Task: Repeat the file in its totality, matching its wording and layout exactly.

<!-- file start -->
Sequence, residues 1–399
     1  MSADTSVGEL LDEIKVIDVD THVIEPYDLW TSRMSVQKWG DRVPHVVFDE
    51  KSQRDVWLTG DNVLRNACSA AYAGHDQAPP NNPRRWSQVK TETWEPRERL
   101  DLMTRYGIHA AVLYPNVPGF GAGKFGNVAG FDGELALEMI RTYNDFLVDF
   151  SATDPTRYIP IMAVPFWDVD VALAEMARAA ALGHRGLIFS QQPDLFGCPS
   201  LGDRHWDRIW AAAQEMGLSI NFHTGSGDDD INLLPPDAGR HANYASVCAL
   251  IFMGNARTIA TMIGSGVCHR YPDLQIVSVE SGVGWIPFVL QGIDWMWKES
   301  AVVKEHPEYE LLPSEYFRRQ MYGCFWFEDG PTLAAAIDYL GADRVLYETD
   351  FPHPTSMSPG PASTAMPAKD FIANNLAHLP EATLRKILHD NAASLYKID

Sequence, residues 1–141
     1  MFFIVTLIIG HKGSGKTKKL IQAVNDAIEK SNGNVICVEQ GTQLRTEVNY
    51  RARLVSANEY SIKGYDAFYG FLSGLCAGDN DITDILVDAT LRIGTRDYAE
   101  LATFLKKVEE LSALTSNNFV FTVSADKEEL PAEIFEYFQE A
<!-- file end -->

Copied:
Sequence, residues 1–399
     1  MSADTSVGEL LDEIKVIDVD THVIEPYDLW TSRMSVQKWG DRVPHVVFDE
    51  KSQRDVWLTG DNVLRNACSA AYAGHDQAPP NNPRRWSQVK TETWEPRERL
   101  DLMTRYGIHA AVLYPNVPGF GAGKFGNVAG FDGELALEMI RTYNDFLVDF
   151  SATDPTRYIP IMAVPFWDVD VALAEMARAA ALGHRGLIFS QQPDLFGCPS
   201  LGDRHWDRIW AAAQEMGLSI NFHTGSGDDD INLLPPDAGR HANYASVCAL
   251  IFMGNARTIA TMIGSGVCHR YPDLQIVSVE SGVGWIPFVL QGIDWMWKES
   301  AVVKEHPEYE LLPSEYFRRQ MYGCFWFEDG PTLAAAIDYL GADRVLYETD
   351  FPHPTSMSPG PASTAMPAKD FIANNLAHLP EATLRKILHD NAASLYKID

Sequence, residues 1–141
     1  MFFIVTLIIG HKGSGKTKKL IQAVNDAIEK SNGNVICVEQ GTQLRTEVNY
    51  RARLVSANEY SIKGYDAFYG FLSGLCAGDN DITDILVDAT LRIGTRDYAE
   101  LATFLKKVEE LSALTSNNFV FTVSADKEEL PAEIFEYFQE A